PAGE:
White caps were already cranking and the winds were a steady 20. The Tsatz held herself well and we were cranking at hull speed with the wind in the on the starboard beam. We were heading straight back to Fairhaven on a direct line. Just what I wanted. The seas weren’t that bad at this point. 2-3 feet but manageable and the wind was steady not really gusty. At about 8:00 am we noticed that the horizon was getting really dark and that the clouds were coming in from the south. They seemed quite a ways off still but that was surely not the case. Within 2 minutes torrential rain started to fall and the winds instantly blasted. From what I could find on weather history yesterday they reached 45 knots, possibly more in gusts. Yes 45!! It was like a switch had been thrown.
I instinctively rounded up into the blast and let the jib out as far as could and eased the main out to the point of luffing. There was really no choice. The Tsatz had a mind of her own for a moment. I needed to keep making way to so we did not stall. I knew that losing forward motion and steerage would be catastrophic. The visibility was now 100 feet or less and the water was being blow into trails by the deafening wind. Every time the jib filled, which was about twice a second, the mast would pump violently. I was fearful that we would lose the rig. I tried to pay out the rest of the line but it shot through the block instantly. Now the jib was straight out with both sheets flapping. I was waiting for it to disintegrate. The lines tangled together and actually made a ball that winging around like a ball and chain at the hand of Hercules. That alone was reason to just let it fly. Going on deck was completely out of the question. I held our course keeping the main just full enough to keep making way. At this point you physically could not move. You had to hold on with both hands. Sometimes both on the tiller! The boat had a good posture and was not healing to the extreme with just the shortened main. If ever in questionable weather I will fly this configuration for sure. This went on for about 15-20 minutes. The question was what was going to quit first…the boat or the squall.
The Boat won. It wasn’t until we could have a conversation that we realized the worst was over. The weather slowly got back to the steady 20-25 but now the seas had kicked up. The 2-3 was now an easy 3-5. Bigger as we entered the mouth of the harbor.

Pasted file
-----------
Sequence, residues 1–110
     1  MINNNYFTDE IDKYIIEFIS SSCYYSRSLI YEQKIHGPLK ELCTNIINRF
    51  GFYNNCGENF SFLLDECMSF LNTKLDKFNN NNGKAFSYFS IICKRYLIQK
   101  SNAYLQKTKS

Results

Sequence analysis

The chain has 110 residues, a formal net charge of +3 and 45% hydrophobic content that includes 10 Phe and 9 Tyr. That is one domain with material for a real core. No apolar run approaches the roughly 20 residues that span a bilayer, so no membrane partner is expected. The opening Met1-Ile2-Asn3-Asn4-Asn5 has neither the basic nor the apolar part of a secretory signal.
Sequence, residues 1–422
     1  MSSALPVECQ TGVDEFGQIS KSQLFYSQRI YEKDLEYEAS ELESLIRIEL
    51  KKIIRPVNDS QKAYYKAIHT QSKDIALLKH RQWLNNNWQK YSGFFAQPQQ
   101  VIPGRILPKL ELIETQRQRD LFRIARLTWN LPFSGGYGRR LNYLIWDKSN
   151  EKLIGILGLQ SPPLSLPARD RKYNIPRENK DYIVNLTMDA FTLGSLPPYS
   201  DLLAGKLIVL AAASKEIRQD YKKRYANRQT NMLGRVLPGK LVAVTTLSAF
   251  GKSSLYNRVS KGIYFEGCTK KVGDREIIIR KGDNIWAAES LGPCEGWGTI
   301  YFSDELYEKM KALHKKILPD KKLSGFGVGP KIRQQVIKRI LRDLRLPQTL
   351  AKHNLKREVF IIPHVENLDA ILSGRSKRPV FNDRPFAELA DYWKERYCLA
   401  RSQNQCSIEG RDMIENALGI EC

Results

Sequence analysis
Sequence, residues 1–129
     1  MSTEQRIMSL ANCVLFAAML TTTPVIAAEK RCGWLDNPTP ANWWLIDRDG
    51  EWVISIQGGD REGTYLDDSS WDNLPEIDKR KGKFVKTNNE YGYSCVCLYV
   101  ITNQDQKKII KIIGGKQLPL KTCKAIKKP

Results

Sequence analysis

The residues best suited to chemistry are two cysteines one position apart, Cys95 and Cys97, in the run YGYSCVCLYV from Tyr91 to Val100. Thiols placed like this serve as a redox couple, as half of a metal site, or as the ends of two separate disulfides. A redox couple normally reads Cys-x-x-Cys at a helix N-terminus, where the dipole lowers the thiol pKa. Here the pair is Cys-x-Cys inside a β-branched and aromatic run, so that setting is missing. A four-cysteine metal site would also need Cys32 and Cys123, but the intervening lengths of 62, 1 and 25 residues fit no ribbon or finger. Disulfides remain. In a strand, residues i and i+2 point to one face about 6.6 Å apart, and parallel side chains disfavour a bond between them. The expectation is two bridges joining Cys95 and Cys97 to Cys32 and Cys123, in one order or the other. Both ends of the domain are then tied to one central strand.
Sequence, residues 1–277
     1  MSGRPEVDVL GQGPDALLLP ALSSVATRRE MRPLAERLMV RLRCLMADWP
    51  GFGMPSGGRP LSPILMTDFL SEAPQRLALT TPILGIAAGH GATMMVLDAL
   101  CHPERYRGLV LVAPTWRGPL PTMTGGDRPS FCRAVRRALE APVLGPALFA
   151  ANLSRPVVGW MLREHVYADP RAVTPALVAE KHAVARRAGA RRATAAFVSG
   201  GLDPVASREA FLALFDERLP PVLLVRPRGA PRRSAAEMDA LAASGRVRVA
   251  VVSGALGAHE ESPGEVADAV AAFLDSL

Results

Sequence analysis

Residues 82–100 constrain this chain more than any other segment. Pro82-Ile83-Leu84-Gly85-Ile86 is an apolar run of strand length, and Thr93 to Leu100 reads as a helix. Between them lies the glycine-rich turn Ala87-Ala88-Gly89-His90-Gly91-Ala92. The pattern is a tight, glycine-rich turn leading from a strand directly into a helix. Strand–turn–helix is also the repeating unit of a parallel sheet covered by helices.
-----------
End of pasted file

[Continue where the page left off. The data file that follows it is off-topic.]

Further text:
The Tsatzsue is A Macgregor V25 and has a hull rating of 6.75 knots. During the squall we were doing between 7 and 10. At one point just as the squall was easing we pushed to and held a steady 11.5! The fastest she has ever gone. To be honest she was as solid as a rock surfing down the waves. We made it from Cuttyhunk to Fairhaven in two hours. That is from anchor up to lines on the dock. FAST!!!!
Not until we got into the sheltered water of the harbor did we drop the sails. The jib was a Chinese puzzle to sort out and in surprisingly good shape. Definitely salvageable.
The morale of this one is if in doubt do not head out. Staying another day at anchor would have been fine if we knew what was ahead. You just never know. We were totally ready for the worst however. Our pre sail check that morning included…constant weather monitoring, having all our safety gear at the ready, personal protection on, signaling devices, VHF, navigation equipment tuned in and all rigging given a once over (Standing and running). I addition to the gear check everyone was briefed on what steps to take if it got technical. A play by play if you will. I am confident that all that pre planning and preparation gave us an edge on getting through what turned out to be the most challenging experience I have ever had the get through.
My reading “Sailing A Serious Ocean” by Kretschmer really paid off!!
I will post some pics of the trip and look forward to the next.
To all of you out there…..Be Safe and ……Happy Sailing!!
Public forum - Post your individual sailing (not club rendezvous) experiences, reports, and pictures here!
1 post • Page 1 of 1
Users browsing this forum: No registered users and 1 guest